23 Jan Egg Quality & Aging
Egg Quality and Aging
I want to start this post off with a story…
A woman, let’s call her M, contacted me online asking if I thought I could help her…she had suffered 2 miscarriages, was 37 years old, and feeling hopeless. As I always caution, “there are no guarantees, but there is hope.” M was a radiant, healthy looking woman. She ate a fairly balanced diet and she exercised regularly. She was kind, intelligent, and thoughtful. She was also heartbroken about her losses and still grieving. She also had some other factors in her history that hinted at underlying causes of decline in egg quality. I started by asking if she was willing to take a break from trying to conceive for about 4 months. Even though she felt like time was not on her side, she agreed. At 37 years old with one miscarriage confirmed asp a chromosomal abnormality, I wanted to make sure that we were doing everything we could to optimize egg quality- as well as uterine lining, circulation to the pelvic region and emotional readiness for pregnancy…But before we finish this story, let’s talk about why egg quality declines.
Oogeneis (a fancy term for the development of the egg)
Women are born with all the eggs (oocytes) they will ever have. At a certain point in fetal development, the egg development is arrested and the eggs will lie dormant until puberty. At puberty, a cohort of eggs is recruited each month. These eggs then take a 3 month maturation journey that will hopefully result in one healthy egg ovulating each month.
The Aging Egg
As women are waiting until later in life to start a family, we are seeing a decline in fertility. This is partly due to the DNA inside the egg beginning to degrade. These small changes lead to chromosomal abnormalities which can decrease the chance of fertilization and increase the chance of miscarriage and birth defects. Generally speaking, at age 35 we see a significant drop in the number of normal eggs (i.e. eggs without chromosomal abnormalities). The ovary is a highly metabolically active organ and the eggs inside are sensitive to stress, oxidation, infection, and toxins. After decades of exposure, egg quality will begin to decline. Even if a woman still ovulates each month, the chance of conception and healthy pregnancy goes down.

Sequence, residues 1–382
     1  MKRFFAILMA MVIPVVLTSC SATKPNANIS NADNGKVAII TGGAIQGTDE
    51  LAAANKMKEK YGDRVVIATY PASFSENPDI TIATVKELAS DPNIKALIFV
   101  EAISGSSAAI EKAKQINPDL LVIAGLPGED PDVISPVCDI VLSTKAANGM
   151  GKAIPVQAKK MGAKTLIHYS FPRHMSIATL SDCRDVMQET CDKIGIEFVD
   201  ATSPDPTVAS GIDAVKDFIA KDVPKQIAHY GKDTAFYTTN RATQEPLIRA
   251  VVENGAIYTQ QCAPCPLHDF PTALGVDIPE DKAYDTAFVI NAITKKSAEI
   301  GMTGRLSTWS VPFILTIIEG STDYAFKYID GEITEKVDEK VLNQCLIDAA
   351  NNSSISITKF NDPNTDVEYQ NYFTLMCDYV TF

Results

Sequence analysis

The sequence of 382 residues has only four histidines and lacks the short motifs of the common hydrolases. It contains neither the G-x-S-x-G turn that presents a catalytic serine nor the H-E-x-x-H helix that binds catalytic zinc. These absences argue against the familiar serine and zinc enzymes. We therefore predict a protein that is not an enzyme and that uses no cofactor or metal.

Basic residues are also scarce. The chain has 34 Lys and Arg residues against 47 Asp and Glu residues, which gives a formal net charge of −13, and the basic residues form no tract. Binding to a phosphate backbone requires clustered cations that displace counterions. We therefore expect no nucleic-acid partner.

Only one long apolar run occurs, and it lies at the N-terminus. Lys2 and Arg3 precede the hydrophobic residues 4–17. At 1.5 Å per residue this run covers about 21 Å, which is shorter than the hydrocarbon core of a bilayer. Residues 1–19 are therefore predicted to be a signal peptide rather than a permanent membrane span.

Pregnancy is STILL POSSIBLE, but it can take even longer at this age, which is not something most women want to hear after waiting in the first place.
Other factors aside from age can affect egg quality as well- reproductive disorders such as PCOS and endometriosis can cause issues with egg quality as there is generally more inflammation in the ovary in these conditions.
I get that everything described above sounds pretty depressing, and there is a ton of misinformation online about the ability to affect egg quality. The reality is that the ovaries are responsive to positive change, it just takes time…
A hopeful ending…